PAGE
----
For the American public ADRs simplify investing. So when Americans purchase Infy (the Infosys Technologies ADR) stocks listed on Nasdaq, they do so directly in dollars, without converting them from rupees. Such companies are required to declare financial results according to a standard accounting principle, thus, making their earnings more transparent. An American investor holding an ADR does not have voting rights in the company.

The above indicates that ADRs are issued to offer investment routes that avoid the expensive and cumbersome laws that apply sometimes to non-citizens buying shares on local exchanges. ADRs are listed on the NYSE, AMEX, or NASDAQ.

Global Depository Receipt (GDR):  

These are similar to the ADR but are usually listed on exchanges outside the U.S., such as Luxembourg or London. Dividends are usually paid in U.S. dollars. The first GDR was issued in 1990.

ADVANTAGES OF ADRs:

There are many advantages of ADRs. For individuals, ADRs are an easy and cost effective way to buy shares of a foreign company. The individuals are able to save considerable money and energy by trading in ADRs, as it reduces administrative costs and avoids foreign taxes on each transaction. Foreign entities prefer ADRs, because they get more U.S. exposure and it allows them to tap the American equity markets.    .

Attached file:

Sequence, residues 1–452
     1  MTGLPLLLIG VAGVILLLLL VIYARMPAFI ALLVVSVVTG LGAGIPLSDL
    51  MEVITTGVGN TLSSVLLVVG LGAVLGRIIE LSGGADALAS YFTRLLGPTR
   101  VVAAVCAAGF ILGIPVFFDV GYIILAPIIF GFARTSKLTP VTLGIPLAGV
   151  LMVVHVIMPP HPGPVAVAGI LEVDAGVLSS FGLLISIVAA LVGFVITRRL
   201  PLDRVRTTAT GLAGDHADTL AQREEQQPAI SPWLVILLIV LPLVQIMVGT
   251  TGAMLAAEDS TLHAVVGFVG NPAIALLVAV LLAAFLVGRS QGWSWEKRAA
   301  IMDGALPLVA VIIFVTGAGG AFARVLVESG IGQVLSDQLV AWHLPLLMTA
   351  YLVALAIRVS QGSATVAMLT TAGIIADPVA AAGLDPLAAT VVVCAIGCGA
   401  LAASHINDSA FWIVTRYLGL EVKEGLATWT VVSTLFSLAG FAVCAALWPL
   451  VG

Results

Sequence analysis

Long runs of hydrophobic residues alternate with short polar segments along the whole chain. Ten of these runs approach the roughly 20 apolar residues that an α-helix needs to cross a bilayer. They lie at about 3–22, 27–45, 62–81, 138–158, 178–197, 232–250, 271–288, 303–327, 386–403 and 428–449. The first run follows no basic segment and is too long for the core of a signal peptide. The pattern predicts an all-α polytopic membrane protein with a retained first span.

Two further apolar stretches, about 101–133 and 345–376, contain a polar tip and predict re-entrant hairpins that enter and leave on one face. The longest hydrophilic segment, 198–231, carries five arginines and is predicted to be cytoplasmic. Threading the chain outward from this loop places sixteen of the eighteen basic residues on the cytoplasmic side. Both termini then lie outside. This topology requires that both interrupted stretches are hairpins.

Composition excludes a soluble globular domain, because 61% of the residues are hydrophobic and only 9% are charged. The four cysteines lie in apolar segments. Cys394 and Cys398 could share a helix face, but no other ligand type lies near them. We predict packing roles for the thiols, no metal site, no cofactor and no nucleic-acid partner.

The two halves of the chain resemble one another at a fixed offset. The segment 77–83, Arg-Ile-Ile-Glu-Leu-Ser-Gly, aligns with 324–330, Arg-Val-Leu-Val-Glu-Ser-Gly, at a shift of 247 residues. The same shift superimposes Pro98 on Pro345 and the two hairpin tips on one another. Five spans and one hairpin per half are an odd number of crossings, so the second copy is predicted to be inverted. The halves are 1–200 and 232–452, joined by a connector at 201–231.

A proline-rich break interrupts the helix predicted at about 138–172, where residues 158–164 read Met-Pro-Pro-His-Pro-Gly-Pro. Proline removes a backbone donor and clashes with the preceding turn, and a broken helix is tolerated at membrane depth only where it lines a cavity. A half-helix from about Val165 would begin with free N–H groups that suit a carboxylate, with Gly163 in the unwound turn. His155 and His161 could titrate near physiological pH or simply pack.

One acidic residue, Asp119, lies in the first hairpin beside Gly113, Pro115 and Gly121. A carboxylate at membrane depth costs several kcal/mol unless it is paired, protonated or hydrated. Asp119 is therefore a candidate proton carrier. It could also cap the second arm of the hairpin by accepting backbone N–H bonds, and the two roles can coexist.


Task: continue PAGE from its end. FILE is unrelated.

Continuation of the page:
The shares represented by ADRs are without voting rights. However, any foreigner can purchase these securities whereas shares in India can be purchased on Indian Stock Exchanges only by NRIs or PIOs or FIIs. The purchaser has a theoretical right to exchange the receipt without voting rights for the shares with voting rights (RBI permission required) but in practice, no one appears to be interested in exercising this right.

Some Major ADRs issued by Indian Companies:

Among the Indian ADRs listed on the US markets, are Infy (the Infosys Technologies ADR),  WIT (the Wipro ADR), Rdy(the Dr Reddy’s Lab ADR), and Say (the Satyam Computer ADS)

 What are Indian Depository Receipts (IDR):

Recently SEBI has issued guidelines for foreign companies who wish to raise capital in India by issuing Indian Depository Receipts. Thus, IDRs will be transferable securities to be listed on Indian stock exchanges in the form of depository receipts. Such IDRs will be created by a Domestic Depositories in India against the underlying equity shares of the issuing company which is incorporated outside India.

Though IDRs will be freely priced, yet in the prospectus the issue price has to be justified. Each IDR will represent a certain number of shares of the foreign company. The shares will not be listed in India , but have to be listed in the home country. 

The IDRs will allow the Indian investors to tap the opportunities in stocks of foreign companies and that too without the risk of investing directly which may not be too friendly. Thus, now Indian investors will have easy access to international capital market.

Normally, the DRs are allowed to be exchanged for the underlying shares held by the custodian and sold in the home country and vice-versa. However, in the case of IDRs, automatic fungibility is not permitted.